"A History of the Fabian Society" at the Fabian Society website
South Vietnam suffered in more ways. Some 1,200,000 people were forcibly relocated through “pacification” programs and five million became refugees between 1964 to 1975. The urban population swelled from 15 percent in 1964 to 40 percent in 1968, to 65 percent in 1974, undermining the social fabric of the country. Normally a rice exporter, South Vietnam had to import 725,000 tons of rice in 1967. Hunger and starvation were side effects of the war. The U.S. also conducted its chemical war in the south, spraying nineteen million gallons of toxins on five million acres, with some parts of North Vietnam, Laos, and Cambodia sprayed as well. The debilitating effects of this chemical war still linger.
Ferguson is accurate when she reports that the Fabian Society's H.G.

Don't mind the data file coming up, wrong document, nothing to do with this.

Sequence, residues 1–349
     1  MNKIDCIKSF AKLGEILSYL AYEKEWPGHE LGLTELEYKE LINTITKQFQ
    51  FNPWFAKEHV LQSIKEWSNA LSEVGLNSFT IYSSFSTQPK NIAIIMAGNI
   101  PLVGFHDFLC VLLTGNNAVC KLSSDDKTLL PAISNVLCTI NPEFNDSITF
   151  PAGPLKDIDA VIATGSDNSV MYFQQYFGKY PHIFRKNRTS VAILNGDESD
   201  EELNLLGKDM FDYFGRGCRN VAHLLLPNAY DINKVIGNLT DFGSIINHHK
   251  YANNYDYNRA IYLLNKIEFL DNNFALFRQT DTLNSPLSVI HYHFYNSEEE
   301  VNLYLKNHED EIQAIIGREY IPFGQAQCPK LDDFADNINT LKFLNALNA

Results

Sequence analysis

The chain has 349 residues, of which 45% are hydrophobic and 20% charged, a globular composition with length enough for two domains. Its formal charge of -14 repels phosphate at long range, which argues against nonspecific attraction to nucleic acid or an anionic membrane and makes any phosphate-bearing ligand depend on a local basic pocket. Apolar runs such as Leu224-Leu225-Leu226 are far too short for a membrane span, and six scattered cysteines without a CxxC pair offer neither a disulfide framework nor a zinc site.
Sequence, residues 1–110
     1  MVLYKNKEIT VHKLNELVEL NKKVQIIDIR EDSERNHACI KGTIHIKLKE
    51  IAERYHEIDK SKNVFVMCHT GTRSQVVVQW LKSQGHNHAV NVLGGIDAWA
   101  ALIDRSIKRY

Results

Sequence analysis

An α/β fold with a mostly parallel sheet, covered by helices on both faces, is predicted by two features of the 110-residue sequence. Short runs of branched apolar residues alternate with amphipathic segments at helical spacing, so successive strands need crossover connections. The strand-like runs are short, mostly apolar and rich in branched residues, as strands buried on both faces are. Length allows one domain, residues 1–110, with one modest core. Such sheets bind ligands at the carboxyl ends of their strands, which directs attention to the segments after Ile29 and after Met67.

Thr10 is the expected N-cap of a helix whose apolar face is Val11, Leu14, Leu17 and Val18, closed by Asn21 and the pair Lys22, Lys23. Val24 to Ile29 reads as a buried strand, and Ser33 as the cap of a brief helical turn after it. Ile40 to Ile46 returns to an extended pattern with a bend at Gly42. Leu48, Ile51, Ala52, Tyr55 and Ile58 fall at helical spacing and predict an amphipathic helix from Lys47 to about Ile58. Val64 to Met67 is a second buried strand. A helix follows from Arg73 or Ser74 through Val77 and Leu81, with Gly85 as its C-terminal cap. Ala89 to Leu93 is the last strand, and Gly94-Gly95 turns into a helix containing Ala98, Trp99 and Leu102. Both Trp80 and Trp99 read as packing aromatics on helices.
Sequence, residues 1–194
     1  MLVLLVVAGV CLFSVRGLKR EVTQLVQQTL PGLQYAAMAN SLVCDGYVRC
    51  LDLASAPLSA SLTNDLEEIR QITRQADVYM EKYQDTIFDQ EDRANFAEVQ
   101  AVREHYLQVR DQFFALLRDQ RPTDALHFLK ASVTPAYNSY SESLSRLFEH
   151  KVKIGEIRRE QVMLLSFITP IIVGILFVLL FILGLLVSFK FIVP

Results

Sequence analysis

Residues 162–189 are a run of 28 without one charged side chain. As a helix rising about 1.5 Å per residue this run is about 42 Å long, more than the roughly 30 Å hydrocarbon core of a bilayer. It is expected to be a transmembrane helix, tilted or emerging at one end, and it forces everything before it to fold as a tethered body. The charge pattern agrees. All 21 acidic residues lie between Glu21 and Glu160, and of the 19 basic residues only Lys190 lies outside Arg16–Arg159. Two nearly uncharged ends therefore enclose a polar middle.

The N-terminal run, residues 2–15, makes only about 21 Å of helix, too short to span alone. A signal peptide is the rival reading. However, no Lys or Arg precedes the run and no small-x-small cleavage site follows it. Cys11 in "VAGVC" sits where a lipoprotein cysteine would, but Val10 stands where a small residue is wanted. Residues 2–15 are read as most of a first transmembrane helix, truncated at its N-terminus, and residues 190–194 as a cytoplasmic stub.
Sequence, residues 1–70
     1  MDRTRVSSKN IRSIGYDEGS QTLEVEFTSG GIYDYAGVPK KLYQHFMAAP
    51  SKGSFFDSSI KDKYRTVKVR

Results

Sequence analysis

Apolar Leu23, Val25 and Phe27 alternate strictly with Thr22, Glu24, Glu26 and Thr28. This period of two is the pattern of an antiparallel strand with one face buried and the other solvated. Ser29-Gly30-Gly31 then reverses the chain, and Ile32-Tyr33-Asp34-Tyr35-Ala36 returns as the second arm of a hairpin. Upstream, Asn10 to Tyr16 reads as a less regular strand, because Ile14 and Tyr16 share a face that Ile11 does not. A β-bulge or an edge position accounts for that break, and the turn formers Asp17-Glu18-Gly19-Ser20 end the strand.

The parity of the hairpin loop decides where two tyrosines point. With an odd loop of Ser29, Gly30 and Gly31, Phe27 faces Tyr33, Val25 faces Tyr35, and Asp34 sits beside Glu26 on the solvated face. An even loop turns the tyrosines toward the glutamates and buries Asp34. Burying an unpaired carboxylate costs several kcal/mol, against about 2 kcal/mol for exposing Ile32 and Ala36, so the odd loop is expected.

It was evident that capitalist monopoly must be restrained, reluctant as English statesmen brought up under the commercial system were to interfere. The zenith of was at the close of the last century; but a great fabric often looks most imposing shortly before it begins to collapse. The first piece of labor legislation was the Morals and Health Act of 1802, which interfered with the accommodation provided to children by the employers, to which reference has been made. The Cotton Mills Act was passed in 1819,partly owing to the exertions of Robert Owen. It limited the age at which children might work in factories; and it limited the time of their labor to seventy-two hours per week. Seventy-two hours for a child of nine who ought to have been playing in the green fields! And even that was a vast improvement on the previous state of things. Saturday labor was next shortened by an Act passed by the Radical politician, Sir John Cam Hobhouse, in 1825. Workmen, Radicals, Tories, and philanthropists then joined in an agitation under Mr. Richard Oastler, a Conservative member of Parliament, to secure a Ten Hours' Bill. Hobhouse tried by a Bill introduced in 1831 to reduce the time in textile industries; but he was beaten by the northern manufacturers. However, Althorp the Whig leader, who had helped to defeat Hobhouse, was obliged himself to introduce a measure by which night work was prohibited to young persons, and the hours of work were reduced to sixty-nine a week. Cotton-mill owners were at the same time disqualified for acting as justices in cases of infringement of the law. This measure is regarded by Dr. E. Von Plener in his useful manual as the first real Factory Act. Mr. Thomas Sadler, who had succeeded Oastler as leader in the cause of the factory operatives, brought in a Bill in 1832 limiting the hours of labor for persons under eighteen; but it was met by a storm of opposition from manufacturing members and withdrawn.